[Intel-gfx] [RFC v1] drm/i915: Add Exec param to control data port coherency.

Lis, Tomasz tomasz.lis at intel.com
Tue Mar 20 17:23:03 UTC 2018

On 2018-03-19 15:26, Chris Wilson wrote:
> Quoting Lis, Tomasz (2018-03-19 14:14:19)
>> On 2018-03-19 13:43, Chris Wilson wrote:
>>> Quoting Tomasz Lis (2018-03-19 12:37:35)
>>>> The patch adds a parameter to control the data port coherency functionality
>>>> on a per-exec call basis. When data port coherency flag value is different
>>>> than what it was in previous call for the context, a command to switch data
>>>> port coherency state is added before the buffer to be executed.
>>> So this is part of the context? Why do it at exec level?
>> It is part of the context, stored within HDC chicken bit register.
>> The exec level was requested by the OCL team, due to concerns about
>> performance cost of context setparam calls.
> What? Oh dear, oh dear, thrice oh dear. The context setparam would look
> like:
> 	if (arg != context->value) {
> 		rq = request_alloc(context, RCS);
> 		cs = ring_begin(rq, 4);
> 		cs++ = MI_LRI;
> 		cs++ = reg;
> 		cs++ = magic;
> 		cs++ = MI_NOOP;
> 		request_add(rq);
> 		context->value = arg
> 	}
> The argument is whether stuffing it into a crowded, v.frequently
> executed execbuf is better than an irregular setparam. If they want to
> flip it on every batch, use execbuf. If it's going to be very
> infrequent, setparam.
Implementing the data port coherency switch as context setparam would 
not be a problem, I agree.
But this is not a solution OCL is willing to accept. Any additional 
IOCTL call is a concern for the OCL developers.

For more explanation on switch frequency - please look at the cover 
letter I provided; here's the related part of it:
(note: the data port coherency is called fine grain coherency within UMD)

    3. Will coherency switch be used frequently?

    There are scenarios that will require frequent toggling of the coherency
    E.g. an application has two OCL compute kernels: kern_master and kern_worker.
    kern_master uses, concurrently with CPU, some fine grain SVM resources
    (CL_MEM_SVM_FINE_GRAIN_BUFFER). These resources contain descriptors of
    computational work that needs to be executed. kern_master analyzes incoming
    work descriptors and populates a plain OCL buffer (non-fine-grain) with payload
    for kern_worker. Once kern_master is done, kern_worker kicks-in and processes
    the payload that kern_master produced. These two kernels work in a loop, one
    after another. Since only kern_master requires coherency, kern_worker should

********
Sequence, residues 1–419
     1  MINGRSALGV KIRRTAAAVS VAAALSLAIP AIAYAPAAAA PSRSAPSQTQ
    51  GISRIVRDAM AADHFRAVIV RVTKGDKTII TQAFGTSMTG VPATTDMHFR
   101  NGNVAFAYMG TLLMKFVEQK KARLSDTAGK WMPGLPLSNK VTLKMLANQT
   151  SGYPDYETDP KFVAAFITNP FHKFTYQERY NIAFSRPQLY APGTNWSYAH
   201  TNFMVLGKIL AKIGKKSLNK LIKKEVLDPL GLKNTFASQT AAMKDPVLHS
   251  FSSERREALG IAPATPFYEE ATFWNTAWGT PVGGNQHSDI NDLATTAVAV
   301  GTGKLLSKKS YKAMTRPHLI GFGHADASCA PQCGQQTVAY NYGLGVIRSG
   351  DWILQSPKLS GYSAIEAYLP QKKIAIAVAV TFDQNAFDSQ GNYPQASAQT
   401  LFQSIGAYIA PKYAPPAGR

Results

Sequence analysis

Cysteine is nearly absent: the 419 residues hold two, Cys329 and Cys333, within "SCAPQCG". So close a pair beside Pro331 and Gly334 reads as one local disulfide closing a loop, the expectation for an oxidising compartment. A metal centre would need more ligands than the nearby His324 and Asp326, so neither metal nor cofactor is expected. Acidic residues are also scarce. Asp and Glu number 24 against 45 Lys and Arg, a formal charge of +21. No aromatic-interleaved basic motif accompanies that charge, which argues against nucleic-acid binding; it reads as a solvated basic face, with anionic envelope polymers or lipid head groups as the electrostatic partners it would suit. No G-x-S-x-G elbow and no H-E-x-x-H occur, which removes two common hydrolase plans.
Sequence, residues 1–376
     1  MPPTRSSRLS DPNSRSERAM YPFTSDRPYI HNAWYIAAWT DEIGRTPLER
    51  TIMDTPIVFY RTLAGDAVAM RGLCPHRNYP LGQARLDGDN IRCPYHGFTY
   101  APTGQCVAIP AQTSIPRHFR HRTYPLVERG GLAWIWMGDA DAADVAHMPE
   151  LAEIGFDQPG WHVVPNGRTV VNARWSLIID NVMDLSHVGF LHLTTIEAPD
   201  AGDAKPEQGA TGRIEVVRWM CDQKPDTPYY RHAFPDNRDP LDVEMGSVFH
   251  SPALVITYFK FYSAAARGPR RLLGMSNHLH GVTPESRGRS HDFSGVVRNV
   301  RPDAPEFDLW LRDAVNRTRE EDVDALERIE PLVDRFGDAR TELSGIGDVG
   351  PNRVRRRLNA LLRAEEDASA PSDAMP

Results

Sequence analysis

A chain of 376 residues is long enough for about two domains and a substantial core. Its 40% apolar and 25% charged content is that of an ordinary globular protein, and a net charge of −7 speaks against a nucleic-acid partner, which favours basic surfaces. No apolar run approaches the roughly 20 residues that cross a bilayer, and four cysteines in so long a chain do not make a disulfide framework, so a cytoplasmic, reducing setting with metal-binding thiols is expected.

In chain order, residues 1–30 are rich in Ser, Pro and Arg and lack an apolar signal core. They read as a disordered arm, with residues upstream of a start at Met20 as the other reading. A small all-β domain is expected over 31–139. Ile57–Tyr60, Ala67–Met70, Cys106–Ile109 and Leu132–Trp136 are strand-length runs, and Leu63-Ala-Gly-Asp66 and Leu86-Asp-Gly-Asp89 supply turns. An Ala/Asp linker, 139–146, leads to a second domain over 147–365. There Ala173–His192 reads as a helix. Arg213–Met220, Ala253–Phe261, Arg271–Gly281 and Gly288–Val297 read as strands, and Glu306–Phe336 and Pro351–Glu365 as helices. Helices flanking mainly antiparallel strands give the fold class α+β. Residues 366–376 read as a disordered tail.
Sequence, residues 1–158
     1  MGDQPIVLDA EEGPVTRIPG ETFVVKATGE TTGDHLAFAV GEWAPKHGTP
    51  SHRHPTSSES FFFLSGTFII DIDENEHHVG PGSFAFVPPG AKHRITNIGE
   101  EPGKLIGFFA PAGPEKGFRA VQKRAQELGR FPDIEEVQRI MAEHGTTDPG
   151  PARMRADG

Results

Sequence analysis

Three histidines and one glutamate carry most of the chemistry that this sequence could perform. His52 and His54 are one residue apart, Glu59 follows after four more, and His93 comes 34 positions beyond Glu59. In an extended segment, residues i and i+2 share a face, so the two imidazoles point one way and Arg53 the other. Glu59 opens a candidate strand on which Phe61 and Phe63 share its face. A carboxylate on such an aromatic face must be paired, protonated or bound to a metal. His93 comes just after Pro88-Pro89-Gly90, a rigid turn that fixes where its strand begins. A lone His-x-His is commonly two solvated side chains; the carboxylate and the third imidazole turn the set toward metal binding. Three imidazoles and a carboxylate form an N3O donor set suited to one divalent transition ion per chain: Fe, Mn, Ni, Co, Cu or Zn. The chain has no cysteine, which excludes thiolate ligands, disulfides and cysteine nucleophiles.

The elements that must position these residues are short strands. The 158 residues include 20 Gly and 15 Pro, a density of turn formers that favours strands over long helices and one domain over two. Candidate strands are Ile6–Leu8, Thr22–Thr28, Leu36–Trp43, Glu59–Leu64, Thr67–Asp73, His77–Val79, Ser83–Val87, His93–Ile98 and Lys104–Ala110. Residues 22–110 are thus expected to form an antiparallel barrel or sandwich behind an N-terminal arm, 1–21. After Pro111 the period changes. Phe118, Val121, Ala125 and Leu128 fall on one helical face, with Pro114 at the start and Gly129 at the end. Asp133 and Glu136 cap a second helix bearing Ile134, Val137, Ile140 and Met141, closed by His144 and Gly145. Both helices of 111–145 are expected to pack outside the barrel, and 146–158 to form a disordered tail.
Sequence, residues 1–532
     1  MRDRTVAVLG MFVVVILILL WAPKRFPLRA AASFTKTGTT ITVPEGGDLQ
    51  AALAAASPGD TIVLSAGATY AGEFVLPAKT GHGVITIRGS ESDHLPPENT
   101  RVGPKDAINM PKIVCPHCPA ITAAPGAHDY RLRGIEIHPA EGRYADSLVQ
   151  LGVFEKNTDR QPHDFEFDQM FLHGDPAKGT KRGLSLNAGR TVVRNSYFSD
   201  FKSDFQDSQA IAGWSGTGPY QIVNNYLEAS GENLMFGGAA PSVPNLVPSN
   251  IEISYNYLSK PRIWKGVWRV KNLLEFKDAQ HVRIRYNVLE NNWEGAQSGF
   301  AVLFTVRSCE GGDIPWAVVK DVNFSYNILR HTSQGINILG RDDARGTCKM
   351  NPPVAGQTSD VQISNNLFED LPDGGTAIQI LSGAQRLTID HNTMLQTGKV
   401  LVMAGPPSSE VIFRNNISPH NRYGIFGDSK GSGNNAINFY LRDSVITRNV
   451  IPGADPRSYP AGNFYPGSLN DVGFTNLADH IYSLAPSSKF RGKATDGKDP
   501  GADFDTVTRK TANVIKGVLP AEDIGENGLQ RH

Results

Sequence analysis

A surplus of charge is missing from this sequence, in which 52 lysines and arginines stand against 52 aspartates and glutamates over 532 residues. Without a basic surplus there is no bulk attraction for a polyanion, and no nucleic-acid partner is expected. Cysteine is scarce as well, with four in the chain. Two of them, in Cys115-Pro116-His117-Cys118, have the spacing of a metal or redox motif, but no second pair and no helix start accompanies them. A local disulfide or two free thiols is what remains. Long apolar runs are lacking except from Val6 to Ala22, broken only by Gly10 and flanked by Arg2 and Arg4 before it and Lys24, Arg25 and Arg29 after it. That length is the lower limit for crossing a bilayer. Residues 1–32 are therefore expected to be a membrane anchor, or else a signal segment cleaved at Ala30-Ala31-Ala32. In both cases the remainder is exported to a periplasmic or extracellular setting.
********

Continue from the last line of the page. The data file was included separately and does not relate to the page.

not be forced to pay for it. This means that we need to have the ability to
    toggle coherency switch on or off per each GPU submission:
    (ENABLE COHERENCY) kern_master -> (DISABLE COHERENCY)kern_worker -> (ENABLE
    COHERENCY) kern_master -> (DISABLE COHERENCY)kern_worker -> ...

> That discussion must be part of the rationale in the commitlog.
Will add.
Should I place the whole text from cover letter within the commit comment?
> Otoh, execbuf3 would accept it as a command packet. Hmm.
I know we have execbuf2, but execbuf3? Are you proposing to add 
something like that?
>>>    If exec level
>>> is desired, why not whitelist it?
>> If we have no issue in whitelisting the register, I'm sure OCL will
>> agree to that.
>> I assumed the whitelisting will be unacceptable because of security
>> concerns with some options.
>> The register also changes its position and content between gens, which
>> makes whitelisting hard to manage.
>> Main purpose of chicken bit registers, in general, is to allow work
>> around for hardware features which couldĀ  be buggy or could have
>> unintended influence on the platform.
>> The data port coherency functionality landed there for the same reasons;
>> then it twisted itself in a way that we now need user space to switch it.
>> Is it really ok to whitelist chicken bit registers?
> It all depends on whether it breaks segregation. If the only users
> affected are themselves, fine. Otherwise, no.
> -Chris
Chicken Bit registers are definitely not planned as safe for use. While 
meaning of bits within HDC_CHICKEN0 change between gens, I doubt any of 
the registers *can't* be used to cause GPU hung.

-------------- next part --------------
An HTML attachment was scrubbed...
URL: <https://lists.freedesktop.org/archives/intel-gfx/attachments/20180320/3462bb31/attachment-0001.html>

More information about the Intel-gfx mailing list